Inhabiting the Hack

Full details of this programme of hack events is now available at http://inhabitingthehack.github.io/.

  • The CCN+ is working with a range of creative organizations on questions around laboured prototyping, material innovation, lived coding, wreck culture, non-imagined creativity and imposed smartness. Following an 18 month digital ethnography into hack culture, it has become apparent that these are the methods, materials, processes and presumptions that are routinely negated or dismissed in contemporary hack culture, in innovation or design labs, and in the appropriation of fast innovation into other areas. We have found that hack events and digital labs are places where a number of disjunctures are made invisible, as outlined below:
  • Play hides work (and worker’s rights e.g. minimum wage legislation, etc.)
  • Pitches and prizes hide intrinsic value
  • Product focus hides reflections and learning
  • Emphasis on pre-planning and problem solving inhibits exploration
  • Extra-curricular dates/times exclude carers
  • Appropriation of language (hack, retreat, kata, camp, pattern) loses wider cultural significance in translation
  • Focus on the ‘pitch’ as end-product privileges hylomorphic design over material
  • Focus on contemporary digital technology ignores the long history of ancient technology, stretching back to neolithic crafts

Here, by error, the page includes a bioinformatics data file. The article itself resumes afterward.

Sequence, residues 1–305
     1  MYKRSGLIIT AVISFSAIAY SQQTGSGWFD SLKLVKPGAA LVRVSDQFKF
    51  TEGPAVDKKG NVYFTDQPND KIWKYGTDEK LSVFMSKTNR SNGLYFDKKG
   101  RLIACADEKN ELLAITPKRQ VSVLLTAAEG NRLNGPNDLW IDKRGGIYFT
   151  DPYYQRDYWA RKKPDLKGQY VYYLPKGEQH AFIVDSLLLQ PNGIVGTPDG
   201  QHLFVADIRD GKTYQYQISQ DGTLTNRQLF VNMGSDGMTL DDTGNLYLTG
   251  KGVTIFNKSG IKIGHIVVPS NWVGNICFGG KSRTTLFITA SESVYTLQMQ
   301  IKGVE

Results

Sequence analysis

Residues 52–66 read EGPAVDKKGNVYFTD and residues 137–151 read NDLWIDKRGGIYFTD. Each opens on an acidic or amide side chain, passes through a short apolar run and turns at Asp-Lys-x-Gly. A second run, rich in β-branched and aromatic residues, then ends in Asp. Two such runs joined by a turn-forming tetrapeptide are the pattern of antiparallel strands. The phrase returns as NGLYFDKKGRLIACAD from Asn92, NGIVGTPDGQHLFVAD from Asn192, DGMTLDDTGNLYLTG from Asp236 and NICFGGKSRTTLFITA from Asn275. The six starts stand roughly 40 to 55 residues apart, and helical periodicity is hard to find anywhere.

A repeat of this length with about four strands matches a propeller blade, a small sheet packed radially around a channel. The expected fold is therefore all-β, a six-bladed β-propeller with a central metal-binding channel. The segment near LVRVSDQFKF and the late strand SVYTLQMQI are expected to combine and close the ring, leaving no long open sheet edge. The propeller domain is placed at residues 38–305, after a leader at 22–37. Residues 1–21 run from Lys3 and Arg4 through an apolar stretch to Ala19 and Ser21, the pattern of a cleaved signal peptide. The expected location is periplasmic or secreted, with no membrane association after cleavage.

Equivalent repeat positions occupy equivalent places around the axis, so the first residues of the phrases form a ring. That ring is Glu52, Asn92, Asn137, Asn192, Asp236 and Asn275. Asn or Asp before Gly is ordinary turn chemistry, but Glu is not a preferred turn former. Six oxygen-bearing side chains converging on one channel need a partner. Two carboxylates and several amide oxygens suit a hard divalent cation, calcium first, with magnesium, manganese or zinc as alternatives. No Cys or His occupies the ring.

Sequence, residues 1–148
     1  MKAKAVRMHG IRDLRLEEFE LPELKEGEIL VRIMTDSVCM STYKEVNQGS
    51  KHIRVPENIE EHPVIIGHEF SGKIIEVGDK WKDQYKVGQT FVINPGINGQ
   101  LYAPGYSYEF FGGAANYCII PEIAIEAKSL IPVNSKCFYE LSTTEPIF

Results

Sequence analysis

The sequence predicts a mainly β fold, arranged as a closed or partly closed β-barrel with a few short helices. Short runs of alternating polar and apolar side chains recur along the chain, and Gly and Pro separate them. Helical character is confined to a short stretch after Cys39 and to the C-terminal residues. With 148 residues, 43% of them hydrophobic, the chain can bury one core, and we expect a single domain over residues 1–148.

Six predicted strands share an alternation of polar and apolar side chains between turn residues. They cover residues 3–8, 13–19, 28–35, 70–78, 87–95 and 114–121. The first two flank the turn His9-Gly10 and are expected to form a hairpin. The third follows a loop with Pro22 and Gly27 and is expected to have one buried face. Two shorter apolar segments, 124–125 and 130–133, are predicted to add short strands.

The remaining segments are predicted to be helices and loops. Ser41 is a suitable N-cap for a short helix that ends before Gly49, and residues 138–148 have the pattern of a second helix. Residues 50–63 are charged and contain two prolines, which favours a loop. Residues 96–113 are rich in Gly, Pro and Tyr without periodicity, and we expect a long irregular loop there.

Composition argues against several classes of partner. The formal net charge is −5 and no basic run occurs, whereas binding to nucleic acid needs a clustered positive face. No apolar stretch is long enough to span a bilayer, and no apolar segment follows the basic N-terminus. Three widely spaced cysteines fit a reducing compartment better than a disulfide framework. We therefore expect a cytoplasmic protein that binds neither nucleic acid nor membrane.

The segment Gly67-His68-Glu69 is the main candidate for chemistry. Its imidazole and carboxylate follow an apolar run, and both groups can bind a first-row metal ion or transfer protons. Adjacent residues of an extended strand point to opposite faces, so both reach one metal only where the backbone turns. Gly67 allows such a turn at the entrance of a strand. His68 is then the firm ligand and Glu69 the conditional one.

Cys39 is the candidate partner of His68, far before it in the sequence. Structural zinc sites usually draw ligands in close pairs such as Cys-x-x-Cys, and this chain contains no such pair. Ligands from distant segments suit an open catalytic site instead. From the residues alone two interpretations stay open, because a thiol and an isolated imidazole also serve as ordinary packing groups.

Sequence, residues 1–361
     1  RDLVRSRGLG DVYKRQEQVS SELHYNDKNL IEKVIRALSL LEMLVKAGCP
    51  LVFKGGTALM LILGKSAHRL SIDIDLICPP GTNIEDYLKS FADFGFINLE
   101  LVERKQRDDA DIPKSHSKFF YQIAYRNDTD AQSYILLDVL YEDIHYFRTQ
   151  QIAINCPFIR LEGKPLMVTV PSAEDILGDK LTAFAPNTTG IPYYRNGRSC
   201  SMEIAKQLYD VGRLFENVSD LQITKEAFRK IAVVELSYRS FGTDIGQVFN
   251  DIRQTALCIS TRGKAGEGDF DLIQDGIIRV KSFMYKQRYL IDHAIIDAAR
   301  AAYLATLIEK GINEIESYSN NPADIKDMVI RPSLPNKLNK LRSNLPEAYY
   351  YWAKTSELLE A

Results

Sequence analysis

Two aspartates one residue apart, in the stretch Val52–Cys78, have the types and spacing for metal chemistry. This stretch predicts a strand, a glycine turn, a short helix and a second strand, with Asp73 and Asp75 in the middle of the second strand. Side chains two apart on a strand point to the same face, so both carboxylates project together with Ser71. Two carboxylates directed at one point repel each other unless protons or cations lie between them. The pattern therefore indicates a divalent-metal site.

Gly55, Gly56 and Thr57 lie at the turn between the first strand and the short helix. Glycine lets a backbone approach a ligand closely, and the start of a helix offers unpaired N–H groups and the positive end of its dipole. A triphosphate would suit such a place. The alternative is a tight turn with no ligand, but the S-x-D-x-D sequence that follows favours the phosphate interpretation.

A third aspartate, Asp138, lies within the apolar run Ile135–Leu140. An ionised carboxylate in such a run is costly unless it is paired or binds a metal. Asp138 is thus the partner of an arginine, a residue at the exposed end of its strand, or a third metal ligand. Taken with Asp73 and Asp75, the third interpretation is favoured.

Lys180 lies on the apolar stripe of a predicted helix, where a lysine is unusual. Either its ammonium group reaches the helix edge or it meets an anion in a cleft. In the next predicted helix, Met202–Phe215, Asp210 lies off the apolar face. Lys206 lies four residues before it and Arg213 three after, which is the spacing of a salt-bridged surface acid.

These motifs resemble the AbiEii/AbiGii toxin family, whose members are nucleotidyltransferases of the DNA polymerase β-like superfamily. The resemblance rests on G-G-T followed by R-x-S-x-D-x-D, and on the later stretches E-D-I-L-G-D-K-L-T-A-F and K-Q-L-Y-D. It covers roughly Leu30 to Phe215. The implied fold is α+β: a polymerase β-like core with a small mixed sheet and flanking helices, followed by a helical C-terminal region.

• Creativity as a combination of ideas (as opposed to challenging rules, navigating beyond boundaries)

 

The following alternative hacks work to reveal these elements while engaging arts organisations with research.

  • Sonic Pattern and the Textility of Code – 17th June 2015 (in partnership with Access Space and the Crafts Council). Developing collaboration between crafters and coders beyond hackathon prototypes into performances.
  • Wrekshop – 18th-19th July 2015. A workshop, led by artist Paul Granjon, with diverse participants taking e-waste apart in order to examine the layers of technology that are usually hidden, and consider the co-evolution of humans and machines.

  • Uncanny Valley – 7th-10th Sept 2015. A two day hack in the rugged Burbage Valley in the Peak District, hacking in nature, exploring the role of sensors and data in responding to the environment. In collaboration with Lovebytes.
  • Digital Media Labs – 25th-30th Sept 2015. Working with the organisers of their third Digital Media Lab, bringing artists together from across the North of England to Barrow-in-Furness, to learn from each other and develop their practices together. In collaboration with Digital Media Labs and co-funded with Arts Council England.
  • Rewriting the hack  – 21st-22nd Nov 2015. A two-day event held in Newcastle-upon-Tyne, developing historical and contemporary view on the role of women in industry, as post-industrial cities rebrand themselves as digital cities. In collaboration with Shelly Knotts (University of Durham) and Suzy O’Hara (CRUMB, University of Sunderland).

  • Creative Labs – 3rd Nov 2015, at the Open Data Institute (ODI) Summit, London, will involve hacking, workshops, presentations and performances. The Creative Labs will showcase the diversity of open, digital arts, and will include work developed during the Inhabiting the Hack project. An ODI event curated by Alex McLean.

 

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